There was, indeed, nothing resembling Byron's graphic description in "Don Juan." Our English slaves were all apparently of one nation, and there were no slave merchants. The hundred young ladies and gentlemen, of all ages from seven to seventeen, were, as they would have expressed it, "on their own hook." Ranged under the dead brick wall of the railway arch, there was a generally mouldy appearance about them. Instead of a picturesque difference of colour, there was on every visage simply a greater or less degree of that peculiar neutral tint, the unmistakable unlovely hue of London dirt. In this respect, too, they differed from the fresh country lads and lasses one sees at a hiring in the North. They were simply male and female City Arabs, with that superabundant power of combining business and pleasure which characterizes their race. The young gentlemen, in the intervals of business - and it seemed to be all interval and no business - devoted themselves to games at buttons. Each of the young ladies - I am afraid to say how young - had her cavalier, and applied herself to very pronounced flirtation. The language of one and all certainly fulfilled the baptismal promise of their sponsors, if the poor little waifs ever had any-for it was very "vulgar tongue" indeed ; and there was lots of it. The great sensation [-70-] of the morning was a broken window in an unoffending tradesman's shop-a far from unusual occurrence, as I learnt from the sufferer. This led to a slave hunt on the part of the single policeman who occasionally showed himself to keep as quiet as might be the seething mass of humanity; and the young lady or gentleman who was guilty of the damage was "off market" for the morning - while the suffering tradesman was assailed with a volley of abuse, couched in strongest Saxon, for meekly protesting against the demolition of his window-pane.
The scene was most characteristic - very unlike the genteel West End Servants' Registry, where young ladies and gentlemen's gentlemen saunter in to find places with high wages and the work "put out." It was on Tuesday morning, and a little late in the day, that I timed my visit; and I was informed that the Market was somewhat flat. Certainly, one could not apply to it the technicalities of the Stock Exchange, and say that little boys were "dull," or girls, big or little, "inactive;" but early on a Monday morning is, it appears, the time to see the Slave Market in full swing. Strangely enough, so far as I could judge, it was all slaves and no buyers - or, rather, hirers. I did not see the symptom of a bargain being struck, though I was informed that a good many small tradesmen do patronize the Market, for shop-boys, nursegirls, or household drudges. I do not know whether my appearance was particularly attractive; but the [-71-] number of offers I received from domestics of all kinds would have sufficed to stock half-a-dozen establishments. "Want a boy, sir?" " "A girl for the childer, sir?" said the juveniles, while the offers of the adult ladies were more emphatic and less quotable. All, of course, was mere badinage, or, as they would have called it, "chaff," and it was meant good-humouredly enough; though, had I been a legitimate hirer, I do not know that I should have been tempted to add to my household from this source. Indeed, there were some not exactly pleasant reflections cast on the Slave Market by those whom I consulted as to its merits. It was not unusual, I was told, for slaves who were hired on a Monday to turn up again on Tuesday morning, either from incompatibility of temper on the part of domestic and superior, or from other causes unexplained. Tuesday morning is, in fact, to a large extent, the mere residuum either of Monday's unhired incapables, or of "returns." And yet, as I looked around, I saw - as where does one not see? - some fair young faces ; girls who might have played with one's little children all the better because they were so nearly children themselves ; and boys of preternatural quickness, up to any job, and capable of being useful - ay, and even ornamental - members of society, if only that dreadful Bethnal Green twang could have been eradicated. The abuse of the mother-tongue on the part even of these children was simply frightful. If this were so in their playful moods, what-one [-72-] could not help thinking-would it be if any dispute arose on a contested point of domestic economy : as, for instance, the too rapid disappearance of the cold mutton, or sudden absence of master's boots?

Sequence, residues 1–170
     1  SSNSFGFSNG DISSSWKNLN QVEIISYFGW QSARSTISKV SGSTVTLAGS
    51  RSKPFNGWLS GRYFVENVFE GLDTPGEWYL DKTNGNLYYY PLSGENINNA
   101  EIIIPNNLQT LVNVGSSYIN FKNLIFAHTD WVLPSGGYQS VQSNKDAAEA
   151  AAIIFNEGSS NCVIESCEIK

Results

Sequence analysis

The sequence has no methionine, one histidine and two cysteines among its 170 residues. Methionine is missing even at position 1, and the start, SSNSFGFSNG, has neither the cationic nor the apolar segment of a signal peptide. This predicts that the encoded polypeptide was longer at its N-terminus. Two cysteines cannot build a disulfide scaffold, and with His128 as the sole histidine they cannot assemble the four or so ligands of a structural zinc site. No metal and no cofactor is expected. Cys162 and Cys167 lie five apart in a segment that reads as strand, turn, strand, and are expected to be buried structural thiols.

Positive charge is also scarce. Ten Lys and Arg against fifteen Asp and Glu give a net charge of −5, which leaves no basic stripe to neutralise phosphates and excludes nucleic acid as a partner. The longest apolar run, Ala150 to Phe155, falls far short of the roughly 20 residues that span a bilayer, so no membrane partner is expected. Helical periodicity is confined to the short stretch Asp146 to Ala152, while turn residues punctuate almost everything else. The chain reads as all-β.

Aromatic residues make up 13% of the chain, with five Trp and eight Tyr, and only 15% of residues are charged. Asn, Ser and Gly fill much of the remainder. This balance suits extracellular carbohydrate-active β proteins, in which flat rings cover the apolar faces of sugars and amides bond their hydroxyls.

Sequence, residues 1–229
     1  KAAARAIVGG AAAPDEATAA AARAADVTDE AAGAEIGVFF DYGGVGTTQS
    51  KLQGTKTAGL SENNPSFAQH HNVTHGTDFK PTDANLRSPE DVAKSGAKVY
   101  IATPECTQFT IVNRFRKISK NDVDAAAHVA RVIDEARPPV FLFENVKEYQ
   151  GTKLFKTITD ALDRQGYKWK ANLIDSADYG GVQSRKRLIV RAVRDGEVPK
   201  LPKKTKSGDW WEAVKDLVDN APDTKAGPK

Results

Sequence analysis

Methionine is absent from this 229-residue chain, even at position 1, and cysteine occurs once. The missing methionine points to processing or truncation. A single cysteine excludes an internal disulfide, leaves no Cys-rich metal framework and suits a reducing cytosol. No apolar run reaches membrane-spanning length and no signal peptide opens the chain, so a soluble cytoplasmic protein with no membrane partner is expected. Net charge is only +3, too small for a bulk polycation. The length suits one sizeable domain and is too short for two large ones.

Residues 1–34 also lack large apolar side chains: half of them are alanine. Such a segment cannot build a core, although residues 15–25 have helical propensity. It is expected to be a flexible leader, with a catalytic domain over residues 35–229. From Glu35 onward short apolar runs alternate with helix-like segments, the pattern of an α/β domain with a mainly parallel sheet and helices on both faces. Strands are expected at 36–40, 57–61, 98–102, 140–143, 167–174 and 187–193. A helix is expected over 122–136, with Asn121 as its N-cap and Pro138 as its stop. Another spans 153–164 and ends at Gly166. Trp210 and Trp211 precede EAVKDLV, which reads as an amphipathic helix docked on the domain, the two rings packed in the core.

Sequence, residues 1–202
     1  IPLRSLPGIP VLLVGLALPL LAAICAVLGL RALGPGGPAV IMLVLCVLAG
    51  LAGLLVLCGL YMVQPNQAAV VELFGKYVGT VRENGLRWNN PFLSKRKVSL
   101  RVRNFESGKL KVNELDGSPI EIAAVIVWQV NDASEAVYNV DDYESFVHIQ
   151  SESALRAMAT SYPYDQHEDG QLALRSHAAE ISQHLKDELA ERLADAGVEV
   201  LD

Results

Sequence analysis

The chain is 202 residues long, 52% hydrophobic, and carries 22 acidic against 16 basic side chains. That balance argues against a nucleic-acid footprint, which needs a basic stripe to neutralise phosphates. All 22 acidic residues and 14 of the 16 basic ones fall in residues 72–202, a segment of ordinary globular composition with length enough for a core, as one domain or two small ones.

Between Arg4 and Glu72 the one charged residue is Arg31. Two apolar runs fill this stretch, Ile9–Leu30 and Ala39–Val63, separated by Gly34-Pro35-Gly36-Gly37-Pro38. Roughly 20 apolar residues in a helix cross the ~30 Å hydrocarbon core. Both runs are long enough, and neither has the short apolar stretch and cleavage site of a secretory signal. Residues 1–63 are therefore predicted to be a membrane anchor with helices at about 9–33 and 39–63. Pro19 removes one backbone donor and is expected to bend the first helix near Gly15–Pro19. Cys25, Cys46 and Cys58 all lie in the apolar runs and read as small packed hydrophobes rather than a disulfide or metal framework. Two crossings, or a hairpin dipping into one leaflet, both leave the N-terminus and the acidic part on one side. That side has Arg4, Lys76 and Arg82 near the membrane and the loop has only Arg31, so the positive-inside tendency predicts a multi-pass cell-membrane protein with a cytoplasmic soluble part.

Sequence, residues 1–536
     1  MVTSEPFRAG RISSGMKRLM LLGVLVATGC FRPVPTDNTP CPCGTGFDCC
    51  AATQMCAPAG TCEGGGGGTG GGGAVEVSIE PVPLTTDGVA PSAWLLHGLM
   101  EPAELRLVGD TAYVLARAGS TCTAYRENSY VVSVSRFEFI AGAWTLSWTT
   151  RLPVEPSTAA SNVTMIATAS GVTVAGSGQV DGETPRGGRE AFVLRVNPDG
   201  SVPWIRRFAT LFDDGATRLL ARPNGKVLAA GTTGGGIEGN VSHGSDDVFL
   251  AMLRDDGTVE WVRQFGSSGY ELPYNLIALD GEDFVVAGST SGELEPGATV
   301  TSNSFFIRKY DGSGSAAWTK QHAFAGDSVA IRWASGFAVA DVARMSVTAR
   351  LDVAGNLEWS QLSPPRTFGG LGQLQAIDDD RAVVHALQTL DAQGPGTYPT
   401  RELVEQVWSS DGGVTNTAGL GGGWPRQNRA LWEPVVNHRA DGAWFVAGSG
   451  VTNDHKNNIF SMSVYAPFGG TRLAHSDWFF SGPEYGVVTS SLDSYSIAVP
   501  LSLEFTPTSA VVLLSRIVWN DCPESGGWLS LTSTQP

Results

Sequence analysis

There was a garrulous cobbler whose stall bordered on the Market, and his panacea for all the evils the Slave Market brought with it was the London School Board. "Why don't the officers come down and collar some o' them youngsters, sir?" Why, indeed? At present the Slave Market is undoubtedly a nuisance; but there is no reason why, under proper police supervision, it should not become a local convenience. The ways of East London differ in all respects from those of the West, and Servants' Registries would not pay. Masters and servants are alike too poor to advertise ; and there seems to be no reason why the Slave Market, under a changed name, and with improved regulations, may not as really supply a want as the country "hirings" do. The Arab, at present, is not to be trusted with too much liberty. Both male and female have odd Bedouin ways of their own, requiring considerable and judicious manipulation to mould them to the customs of civilized society. The respectable residents, tired of the existing state of things, look not unreasonably, as ratepayers, to the School Board to thin down the children, and the police to keep the adults in order. Under such conditions, the Bethnal Green Slave Market may yet become a useful institution.